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Does almost count?

I almost did when we rode to WI and back with Alex - this was before lunch.

I don't think that a bicycle would be comfortable enough for its rider to doze off like that. On an recumbent, maybe.

Plus, if you did fall asleep, you'd probably stop pedaling and lose your balance first and fall sideways before anything. Of course, this is just a personal and non-scientific observation from my part.

I have fallen asleep on a lengthy downhill grade while on aerobars. I don't know how long I was asleep, and I didn't crash, but when I opened my eyes again, I got that unsettling adrenaline rush you get when you realize that your eyes have been closed for some length of time. 

Serge Lubomudrov said:

On a tricycle, perhaps, or quadricycle ;)

. . . But I think it is yet another argument for riding versus driving, eh?

Just Will said:

I don't think that a bicycle would be comfortable enough for its rider to doze off like that. On an recumbent, maybe.

Plus, if you did fall asleep, you'd probably stop pedaling and lose your balance first and fall sideways before anything. Of course, this is just a personal and non-scientific observation from my part.

Bob Breedlove died in this fashion:

http://www.rusa.org/newsletter/08-03-07.html

I've passed out climbing sandy trails on a mountain bike.   The loss of balance and resulting impact woke me up though.

I've ridden home absolutely smashed and only slightly confident of going in the right direction, incapable of forming words or standing upright, but not actually asleep.

Not posting a lot of danger to anyone but myself crawling along side streets at four miles an hour.

Serge Lubomudrov said:

On a tricycle, perhaps, or quadricycle ;)

. . . But I think it is yet another argument for riding versus driving, eh?

Just Will said:

I don't think that a bicycle would be comfortable enough for its rider to doze off like that. On an recumbent, maybe.

Plus, if you did fall asleep, you'd probably stop pedaling and lose your balance first and fall sideways before anything. Of course, this is just a personal and non-scientific observation from my part.

I dozed off while riding a number of times during the 1991 PBP. I figured out that if I started hearing the theme music to 'I Love Lucy' in my head, I knew I was heading into la la land. Strange, really.

Nodded off during a brevet a couple of years ago... riding head down into a tough wind, staring at my front wheel... woke up as i rolled onto the gravel shoulder.

 

Years ago was riding from about Harlem & Touhy to Northbrook Velodrome around dawn... was on the track doing laps when i suddenly realised that i wasn't sure how i'd got there... then i got sleepy and inattentive on the way home and crashed into a stalled car. Have a 2-inch scar on my leg as a reminder.

Remember reading a ride report from PBP a few years ago. The author had ridden the ride on a SWB recumbent with a very reclined seat. He mentioned that on very steep sections when his generator hub was not turning fast enough (and thus could not see the ground) he lost a sense of the horizon. This is somewhat similar to what pilots experience when they find themselves flying upside down and decide to climb out of what they think to be a dive.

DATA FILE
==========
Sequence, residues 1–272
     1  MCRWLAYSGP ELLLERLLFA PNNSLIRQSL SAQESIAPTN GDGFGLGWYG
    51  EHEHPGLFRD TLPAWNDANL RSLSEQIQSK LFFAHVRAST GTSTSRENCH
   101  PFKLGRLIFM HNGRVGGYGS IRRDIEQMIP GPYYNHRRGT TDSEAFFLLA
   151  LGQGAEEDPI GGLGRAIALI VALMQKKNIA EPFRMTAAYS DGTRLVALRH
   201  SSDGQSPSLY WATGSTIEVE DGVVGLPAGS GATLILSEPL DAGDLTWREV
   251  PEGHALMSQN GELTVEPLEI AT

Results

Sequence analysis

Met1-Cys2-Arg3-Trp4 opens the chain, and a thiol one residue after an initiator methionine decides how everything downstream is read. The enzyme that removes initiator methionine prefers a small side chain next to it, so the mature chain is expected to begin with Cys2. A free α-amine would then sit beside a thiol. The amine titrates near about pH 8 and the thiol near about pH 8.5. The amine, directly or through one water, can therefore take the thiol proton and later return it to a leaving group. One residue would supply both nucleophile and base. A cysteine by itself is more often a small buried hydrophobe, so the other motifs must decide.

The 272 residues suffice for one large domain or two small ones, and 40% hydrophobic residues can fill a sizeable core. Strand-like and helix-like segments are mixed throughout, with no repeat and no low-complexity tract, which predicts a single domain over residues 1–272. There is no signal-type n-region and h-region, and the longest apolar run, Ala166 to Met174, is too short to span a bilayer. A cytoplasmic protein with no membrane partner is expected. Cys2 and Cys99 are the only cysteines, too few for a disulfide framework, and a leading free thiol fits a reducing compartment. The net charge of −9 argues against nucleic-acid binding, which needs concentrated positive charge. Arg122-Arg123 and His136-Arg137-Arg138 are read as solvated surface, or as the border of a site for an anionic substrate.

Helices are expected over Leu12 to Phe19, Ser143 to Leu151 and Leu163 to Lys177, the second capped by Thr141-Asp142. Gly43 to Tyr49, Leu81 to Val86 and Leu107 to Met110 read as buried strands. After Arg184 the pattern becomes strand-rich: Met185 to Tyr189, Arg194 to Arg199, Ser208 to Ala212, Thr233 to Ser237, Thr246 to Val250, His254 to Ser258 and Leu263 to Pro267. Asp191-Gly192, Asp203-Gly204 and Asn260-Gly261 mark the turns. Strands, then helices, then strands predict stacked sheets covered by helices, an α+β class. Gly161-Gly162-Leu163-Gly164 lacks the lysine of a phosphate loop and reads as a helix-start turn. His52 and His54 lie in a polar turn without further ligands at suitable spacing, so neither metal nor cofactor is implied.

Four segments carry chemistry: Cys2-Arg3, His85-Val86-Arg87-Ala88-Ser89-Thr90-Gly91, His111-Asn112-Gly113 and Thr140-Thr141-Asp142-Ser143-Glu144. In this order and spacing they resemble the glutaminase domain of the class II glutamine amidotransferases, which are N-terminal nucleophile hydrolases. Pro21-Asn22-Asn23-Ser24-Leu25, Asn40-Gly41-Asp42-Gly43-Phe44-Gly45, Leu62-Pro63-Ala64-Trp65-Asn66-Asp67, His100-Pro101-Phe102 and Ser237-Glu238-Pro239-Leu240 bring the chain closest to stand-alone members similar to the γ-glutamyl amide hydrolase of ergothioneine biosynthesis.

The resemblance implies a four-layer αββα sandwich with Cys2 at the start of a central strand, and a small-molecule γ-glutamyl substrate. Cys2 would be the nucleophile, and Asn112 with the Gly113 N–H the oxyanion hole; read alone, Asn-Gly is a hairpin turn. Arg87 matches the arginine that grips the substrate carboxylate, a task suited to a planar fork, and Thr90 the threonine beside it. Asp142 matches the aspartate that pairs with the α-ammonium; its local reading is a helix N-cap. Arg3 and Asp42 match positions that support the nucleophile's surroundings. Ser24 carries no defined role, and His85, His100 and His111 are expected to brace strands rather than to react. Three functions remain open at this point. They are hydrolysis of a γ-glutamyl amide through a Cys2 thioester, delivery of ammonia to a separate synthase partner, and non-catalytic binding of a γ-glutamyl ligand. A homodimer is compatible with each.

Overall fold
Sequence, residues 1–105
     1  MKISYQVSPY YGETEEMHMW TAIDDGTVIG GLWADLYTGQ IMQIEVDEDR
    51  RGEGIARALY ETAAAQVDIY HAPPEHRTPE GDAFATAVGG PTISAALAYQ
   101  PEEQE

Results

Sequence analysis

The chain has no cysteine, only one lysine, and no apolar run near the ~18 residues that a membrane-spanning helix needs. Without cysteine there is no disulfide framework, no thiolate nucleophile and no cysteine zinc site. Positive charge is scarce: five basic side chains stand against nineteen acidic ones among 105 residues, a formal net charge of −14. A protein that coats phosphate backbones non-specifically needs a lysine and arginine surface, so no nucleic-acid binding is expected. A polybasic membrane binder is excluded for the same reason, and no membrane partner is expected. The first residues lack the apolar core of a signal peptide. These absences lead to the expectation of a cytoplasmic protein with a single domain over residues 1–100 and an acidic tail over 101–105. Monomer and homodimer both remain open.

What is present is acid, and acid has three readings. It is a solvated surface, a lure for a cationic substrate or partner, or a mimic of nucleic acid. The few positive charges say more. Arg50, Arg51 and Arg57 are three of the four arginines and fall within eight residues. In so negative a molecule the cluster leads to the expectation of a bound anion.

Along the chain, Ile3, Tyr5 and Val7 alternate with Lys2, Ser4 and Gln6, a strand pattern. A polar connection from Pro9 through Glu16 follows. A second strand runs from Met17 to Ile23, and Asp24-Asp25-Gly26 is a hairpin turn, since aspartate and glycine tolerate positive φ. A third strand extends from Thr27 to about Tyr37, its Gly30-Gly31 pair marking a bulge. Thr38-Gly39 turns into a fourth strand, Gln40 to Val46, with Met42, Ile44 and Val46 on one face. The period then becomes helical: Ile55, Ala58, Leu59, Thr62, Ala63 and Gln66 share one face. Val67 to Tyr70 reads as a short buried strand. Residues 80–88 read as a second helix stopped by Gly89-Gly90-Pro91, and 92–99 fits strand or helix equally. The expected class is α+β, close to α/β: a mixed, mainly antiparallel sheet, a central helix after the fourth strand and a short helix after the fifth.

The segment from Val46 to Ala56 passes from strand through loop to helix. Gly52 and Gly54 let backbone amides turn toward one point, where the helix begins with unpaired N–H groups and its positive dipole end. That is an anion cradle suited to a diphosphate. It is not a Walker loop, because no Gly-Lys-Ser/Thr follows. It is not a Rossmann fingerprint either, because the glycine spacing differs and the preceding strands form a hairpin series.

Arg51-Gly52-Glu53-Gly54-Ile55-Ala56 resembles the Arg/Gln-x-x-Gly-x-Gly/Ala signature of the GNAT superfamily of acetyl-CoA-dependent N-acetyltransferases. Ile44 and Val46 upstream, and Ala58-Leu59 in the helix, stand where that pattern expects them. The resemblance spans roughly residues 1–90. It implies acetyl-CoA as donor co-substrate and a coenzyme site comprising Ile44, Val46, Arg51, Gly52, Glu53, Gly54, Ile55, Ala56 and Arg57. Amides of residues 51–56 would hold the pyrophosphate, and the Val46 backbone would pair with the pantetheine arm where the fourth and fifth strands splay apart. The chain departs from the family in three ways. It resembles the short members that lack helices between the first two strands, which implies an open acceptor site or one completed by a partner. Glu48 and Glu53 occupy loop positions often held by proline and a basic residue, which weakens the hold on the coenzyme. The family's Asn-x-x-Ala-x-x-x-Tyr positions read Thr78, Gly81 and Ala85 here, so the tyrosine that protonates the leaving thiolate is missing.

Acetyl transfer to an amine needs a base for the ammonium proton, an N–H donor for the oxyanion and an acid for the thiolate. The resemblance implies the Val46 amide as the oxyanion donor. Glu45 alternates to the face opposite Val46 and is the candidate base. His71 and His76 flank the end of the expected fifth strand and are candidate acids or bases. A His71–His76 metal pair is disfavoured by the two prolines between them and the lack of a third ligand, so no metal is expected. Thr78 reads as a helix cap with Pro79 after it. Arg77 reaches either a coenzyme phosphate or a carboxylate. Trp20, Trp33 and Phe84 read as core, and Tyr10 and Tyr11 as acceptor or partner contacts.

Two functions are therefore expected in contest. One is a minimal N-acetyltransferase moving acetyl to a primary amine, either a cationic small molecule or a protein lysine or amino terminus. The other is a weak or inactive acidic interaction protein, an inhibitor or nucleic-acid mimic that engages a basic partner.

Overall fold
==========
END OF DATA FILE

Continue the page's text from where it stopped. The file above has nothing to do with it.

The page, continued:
Since I ride a recumbent with a fairly upright seating angle I have less problems when riding at night on lonely unlit roads. But I learned long ago that a better option than a generator hub with a halogen lamp for visibility to use an LED setup. That way no matter how slow I am going at least some light is being generated, helping me to maintain my sense of orientation with the horizon.

Here is an interesting ride report from a PBP participant:

http://www.njrando.com/blog/?p=160

Clearly sleep deprivation is not something that mixes well with cycling.


Mike Bullis said:

I dozed off while riding a number of times during the 1991 PBP. I figured out that if I started hearing the theme music to 'I Love Lucy' in my head, I knew I was heading into la la land. Strange, really.

Yes. I have fallen asleep twice and injured myself each time. The first time was about 3 years ago on the New Jersey shore. I had biked about 25 miles on a very hot humid day. I stopped for a slice of pizza about 3 miles from my hotel. When I started up again on a very quiet street going very slowly I appear to have fallen asleep, ran into a parked car and was rushed to the hospital with a couple of gashes on my forehead (no helmet.)

The 2nd time was in Sept. 2014 riding on a very short, slightly hilly ride. Again it was hot and humid. I had not ridden more that 5 miles but the 3 days prior to the ride was filled with activity: tennis, raquetball, canoeing, a wedding, drinking and more. This time I had come up a short hill and begun a mild descent. The next thing I knew I was in an ambulance being rushed to a hospital.

This is scarey stuff. What's happening? My theory is this is related to heatstroke brought on by the heat and excessive activity but I would love to hear other opinions. I plan to visit a heart specialist to see what the experts can suggest.

If you watch the movie Bicycle Dreams http://www.bicycledreamsmovie.com/ about this RAAM race, Bob could lay down on a cot, instantly asleep, and wake up in 15 minutes completely refreshed.  He didn't fall asleep, probably his heart had an electrical failure and stopped beating.  They didn't find anything wrong in the autopsy.
 
Serge Lubomudrov said:

So, he did kill a cyclist, but that cyclist was he himself.

O said:

Bob Breedlove died in this fashion:

http://www.rusa.org/newsletter/08-03-07.html
I don't think I fell asleep while riding but when I was younger and stupider I rode home from a bar after our softball team won our league. I have no idea how I got home and awoke under my bike on the front porch of my apartment the next morning.

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